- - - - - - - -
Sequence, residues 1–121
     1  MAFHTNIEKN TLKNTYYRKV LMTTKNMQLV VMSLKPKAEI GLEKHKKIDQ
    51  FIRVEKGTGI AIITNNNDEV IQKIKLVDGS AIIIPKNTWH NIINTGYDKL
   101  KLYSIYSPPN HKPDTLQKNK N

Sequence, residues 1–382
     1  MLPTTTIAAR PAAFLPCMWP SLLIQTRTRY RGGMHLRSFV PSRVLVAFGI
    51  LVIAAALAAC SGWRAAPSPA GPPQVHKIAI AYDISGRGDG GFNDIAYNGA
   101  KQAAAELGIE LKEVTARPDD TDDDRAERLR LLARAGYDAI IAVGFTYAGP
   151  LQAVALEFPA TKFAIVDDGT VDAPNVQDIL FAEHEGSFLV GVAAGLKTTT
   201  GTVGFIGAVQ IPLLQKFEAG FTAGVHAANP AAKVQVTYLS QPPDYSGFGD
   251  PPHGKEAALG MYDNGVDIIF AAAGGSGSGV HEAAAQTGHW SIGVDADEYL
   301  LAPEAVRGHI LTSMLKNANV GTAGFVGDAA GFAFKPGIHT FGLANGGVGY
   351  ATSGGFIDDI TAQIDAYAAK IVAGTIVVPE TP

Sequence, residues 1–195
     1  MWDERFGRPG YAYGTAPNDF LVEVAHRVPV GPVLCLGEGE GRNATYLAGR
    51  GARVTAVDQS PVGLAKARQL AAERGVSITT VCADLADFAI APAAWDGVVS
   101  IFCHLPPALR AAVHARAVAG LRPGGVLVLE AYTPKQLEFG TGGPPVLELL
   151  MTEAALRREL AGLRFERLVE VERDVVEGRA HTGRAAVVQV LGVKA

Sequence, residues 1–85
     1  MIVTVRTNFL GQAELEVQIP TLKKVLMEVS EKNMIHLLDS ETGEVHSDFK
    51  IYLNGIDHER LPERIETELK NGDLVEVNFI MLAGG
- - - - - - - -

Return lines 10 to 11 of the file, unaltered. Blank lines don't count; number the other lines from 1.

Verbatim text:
   201  GTVGFIGAVQ IPLLQKFEAG FTAGVHAANP AAKVQVTYLS QPPDYSGFGD
   251  PPHGKEAALG MYDNGVDIIF AAAGGSGSGV HEAAAQTGHW SIGVDADEYL